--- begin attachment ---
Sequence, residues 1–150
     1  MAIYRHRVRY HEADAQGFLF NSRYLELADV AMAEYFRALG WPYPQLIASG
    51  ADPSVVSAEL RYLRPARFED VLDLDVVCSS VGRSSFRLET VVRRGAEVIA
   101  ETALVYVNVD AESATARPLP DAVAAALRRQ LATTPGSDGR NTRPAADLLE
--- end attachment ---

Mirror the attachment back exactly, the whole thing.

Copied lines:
Sequence, residues 1–150
     1  MAIYRHRVRY HEADAQGFLF NSRYLELADV AMAEYFRALG WPYPQLIASG
    51  ADPSVVSAEL RYLRPARFED VLDLDVVCSS VGRSSFRLET VVRRGAEVIA
   101  ETALVYVNVD AESATARPLP DAVAAALRRQ LATTPGSDGR NTRPAADLLE